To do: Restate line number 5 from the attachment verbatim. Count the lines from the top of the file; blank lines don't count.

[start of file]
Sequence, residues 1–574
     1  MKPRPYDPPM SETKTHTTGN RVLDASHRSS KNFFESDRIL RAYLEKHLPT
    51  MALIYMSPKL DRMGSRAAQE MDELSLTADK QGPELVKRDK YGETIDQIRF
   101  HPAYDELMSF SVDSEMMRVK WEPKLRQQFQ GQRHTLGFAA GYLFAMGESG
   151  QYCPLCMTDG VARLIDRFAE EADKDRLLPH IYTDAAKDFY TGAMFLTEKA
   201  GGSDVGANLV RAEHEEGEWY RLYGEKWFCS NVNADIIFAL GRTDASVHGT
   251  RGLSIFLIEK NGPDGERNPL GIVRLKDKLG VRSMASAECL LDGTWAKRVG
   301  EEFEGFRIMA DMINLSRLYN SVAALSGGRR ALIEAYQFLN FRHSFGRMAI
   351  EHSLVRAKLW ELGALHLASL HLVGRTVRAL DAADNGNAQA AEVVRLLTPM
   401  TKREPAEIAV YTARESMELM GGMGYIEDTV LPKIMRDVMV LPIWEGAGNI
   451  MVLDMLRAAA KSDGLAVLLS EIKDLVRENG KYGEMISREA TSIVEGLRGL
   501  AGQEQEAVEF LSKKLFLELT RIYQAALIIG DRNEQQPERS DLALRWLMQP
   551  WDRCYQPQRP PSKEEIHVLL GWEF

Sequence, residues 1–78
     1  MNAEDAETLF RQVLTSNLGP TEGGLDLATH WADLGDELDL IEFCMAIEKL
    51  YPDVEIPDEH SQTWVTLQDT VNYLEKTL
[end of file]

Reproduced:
   151  QYCPLCMTDG VARLIDRFAE EADKDRLLPH IYTDAAKDFY TGAMFLTEKA